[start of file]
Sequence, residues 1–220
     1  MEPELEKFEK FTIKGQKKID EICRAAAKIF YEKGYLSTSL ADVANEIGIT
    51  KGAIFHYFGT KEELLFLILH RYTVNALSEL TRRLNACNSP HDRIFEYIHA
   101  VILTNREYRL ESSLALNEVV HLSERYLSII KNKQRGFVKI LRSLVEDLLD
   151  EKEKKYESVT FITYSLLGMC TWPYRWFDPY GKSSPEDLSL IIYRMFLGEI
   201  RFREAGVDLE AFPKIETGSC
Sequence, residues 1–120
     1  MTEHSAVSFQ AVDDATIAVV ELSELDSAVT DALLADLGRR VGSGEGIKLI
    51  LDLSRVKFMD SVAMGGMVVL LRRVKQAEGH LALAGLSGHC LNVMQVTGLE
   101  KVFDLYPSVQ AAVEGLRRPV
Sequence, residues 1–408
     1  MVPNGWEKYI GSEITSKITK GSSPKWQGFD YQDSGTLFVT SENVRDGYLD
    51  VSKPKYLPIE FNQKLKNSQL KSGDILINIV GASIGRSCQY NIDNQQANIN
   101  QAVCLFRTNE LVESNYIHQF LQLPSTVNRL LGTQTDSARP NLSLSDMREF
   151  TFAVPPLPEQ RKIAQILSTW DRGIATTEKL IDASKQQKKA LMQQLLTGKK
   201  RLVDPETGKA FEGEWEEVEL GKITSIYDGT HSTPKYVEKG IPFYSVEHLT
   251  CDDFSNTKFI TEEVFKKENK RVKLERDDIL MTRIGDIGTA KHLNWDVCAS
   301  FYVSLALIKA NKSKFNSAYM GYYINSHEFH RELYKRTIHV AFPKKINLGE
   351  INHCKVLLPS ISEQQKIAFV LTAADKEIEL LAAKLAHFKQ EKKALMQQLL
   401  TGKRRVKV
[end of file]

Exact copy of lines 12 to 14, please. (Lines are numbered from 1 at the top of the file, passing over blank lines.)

     1  MVPNGWEKYI GSEITSKITK GSSPKWQGFD YQDSGTLFVT SENVRDGYLD
    51  VSKPKYLPIE FNQKLKNSQL KSGDILINIV GASIGRSCQY NIDNQQANIN
   101  QAVCLFRTNE LVESNYIHQF LQLPSTVNRL LGTQTDSARP NLSLSDMREF